I am an avid social media user and witness what it can do on a daily basis. We are living in a world where everyone with a bow, a camera, and a cell phone can be somebody. Whether it be pro staff, field staff, brand champion, or uber consumer looking for a freebie – we all have the opportunity to turn passion into business and “make it” in the industry. In short, we are a danger to ourselves. We are literally sacrificing the purest part of lives to the bowels of the hunting industry and we don’t give a damn as long as our sites and podcasts are getting traffic and we are getting free shit in return.

I am a marketer by trade and specialize in digital storytelling. I understand hits and reach and frequency and click rates and all of the rest of the jargon my working life has taught me. I’m also well aware I sound like an old crankshaft hollering “Stay out of my flowerbeds and off my damned lawn!” to Trick-or-Treaters. But I’m going to do it anyway.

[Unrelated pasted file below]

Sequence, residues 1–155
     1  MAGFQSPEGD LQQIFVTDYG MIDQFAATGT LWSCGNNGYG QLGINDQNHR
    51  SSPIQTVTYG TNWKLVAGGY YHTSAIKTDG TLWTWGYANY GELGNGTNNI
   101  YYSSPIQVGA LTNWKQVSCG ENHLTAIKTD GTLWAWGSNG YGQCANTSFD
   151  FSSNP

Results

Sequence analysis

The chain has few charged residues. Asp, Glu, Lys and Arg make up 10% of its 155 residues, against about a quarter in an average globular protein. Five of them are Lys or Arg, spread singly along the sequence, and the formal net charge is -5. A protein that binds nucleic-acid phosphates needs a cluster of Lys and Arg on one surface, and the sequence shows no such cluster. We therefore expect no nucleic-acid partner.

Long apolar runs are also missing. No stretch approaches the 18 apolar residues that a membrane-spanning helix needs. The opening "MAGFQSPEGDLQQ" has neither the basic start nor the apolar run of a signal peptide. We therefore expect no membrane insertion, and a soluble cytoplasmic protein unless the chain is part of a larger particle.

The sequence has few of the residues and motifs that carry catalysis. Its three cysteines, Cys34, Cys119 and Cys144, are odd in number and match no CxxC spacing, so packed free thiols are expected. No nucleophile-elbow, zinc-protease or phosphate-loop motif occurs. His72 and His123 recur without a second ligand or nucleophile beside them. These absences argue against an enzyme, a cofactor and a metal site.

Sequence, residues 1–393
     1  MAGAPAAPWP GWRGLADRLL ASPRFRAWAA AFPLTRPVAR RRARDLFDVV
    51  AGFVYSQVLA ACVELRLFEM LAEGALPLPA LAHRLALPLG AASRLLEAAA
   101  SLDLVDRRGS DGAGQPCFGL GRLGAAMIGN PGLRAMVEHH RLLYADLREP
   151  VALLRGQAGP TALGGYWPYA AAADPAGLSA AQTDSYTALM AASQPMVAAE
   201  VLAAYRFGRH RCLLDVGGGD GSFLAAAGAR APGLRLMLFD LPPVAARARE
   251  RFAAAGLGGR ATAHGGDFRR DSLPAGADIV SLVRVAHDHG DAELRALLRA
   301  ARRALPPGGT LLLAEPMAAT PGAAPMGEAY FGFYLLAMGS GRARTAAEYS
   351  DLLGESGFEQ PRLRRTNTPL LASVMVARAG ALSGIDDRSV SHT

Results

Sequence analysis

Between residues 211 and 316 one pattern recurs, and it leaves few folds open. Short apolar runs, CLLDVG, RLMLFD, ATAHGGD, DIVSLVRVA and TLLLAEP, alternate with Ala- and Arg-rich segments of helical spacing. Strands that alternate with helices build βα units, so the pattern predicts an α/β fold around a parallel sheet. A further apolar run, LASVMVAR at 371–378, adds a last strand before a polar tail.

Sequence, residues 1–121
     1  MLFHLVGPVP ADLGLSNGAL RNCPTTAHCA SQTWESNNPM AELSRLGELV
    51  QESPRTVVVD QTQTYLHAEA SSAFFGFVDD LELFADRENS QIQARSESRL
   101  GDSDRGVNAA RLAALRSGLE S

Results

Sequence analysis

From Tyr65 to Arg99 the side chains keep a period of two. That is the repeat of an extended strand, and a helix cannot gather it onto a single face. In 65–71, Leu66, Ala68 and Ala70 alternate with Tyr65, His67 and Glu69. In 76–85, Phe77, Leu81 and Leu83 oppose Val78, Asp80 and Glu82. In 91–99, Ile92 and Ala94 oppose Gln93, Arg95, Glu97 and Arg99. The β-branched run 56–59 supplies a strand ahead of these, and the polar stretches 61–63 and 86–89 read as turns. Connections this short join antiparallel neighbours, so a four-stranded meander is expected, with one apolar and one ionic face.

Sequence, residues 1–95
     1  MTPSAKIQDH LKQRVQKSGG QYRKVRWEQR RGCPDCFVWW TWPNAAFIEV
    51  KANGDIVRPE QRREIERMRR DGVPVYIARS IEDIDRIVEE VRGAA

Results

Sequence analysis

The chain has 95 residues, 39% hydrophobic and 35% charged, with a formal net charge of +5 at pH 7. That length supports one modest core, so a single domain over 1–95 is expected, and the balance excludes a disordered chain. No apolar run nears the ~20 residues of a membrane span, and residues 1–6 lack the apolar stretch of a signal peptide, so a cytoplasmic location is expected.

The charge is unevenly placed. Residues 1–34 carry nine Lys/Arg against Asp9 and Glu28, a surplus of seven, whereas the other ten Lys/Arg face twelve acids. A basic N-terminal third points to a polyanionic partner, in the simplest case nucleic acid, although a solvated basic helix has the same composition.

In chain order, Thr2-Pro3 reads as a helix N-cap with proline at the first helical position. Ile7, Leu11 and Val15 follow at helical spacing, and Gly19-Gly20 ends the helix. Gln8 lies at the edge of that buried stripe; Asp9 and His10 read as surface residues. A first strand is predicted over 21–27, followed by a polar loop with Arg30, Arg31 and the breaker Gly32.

Knock that shit off. Please. Think about what you are doing. And this message is intended for ALL of the social media-using, traditional bowhunting community.

Quit abusing product hashtags when sharing your experiences on social media platforms. Stop going out of your way to insert brands into works of outdoor literature. And for the love of Ishi, please stop vomiting product into the camera whenever you step in front of it. You can plug the brands you love and the connections you’ve made without repeatedly beating your audience over the head with them. You can pass the torch without setting us all on fire.

Hold sacred your bowhunting experiences. Don’t make them a damn commercial.

Just Shoot The Damn Target

Discussing form and shooting technique has little appeal to me.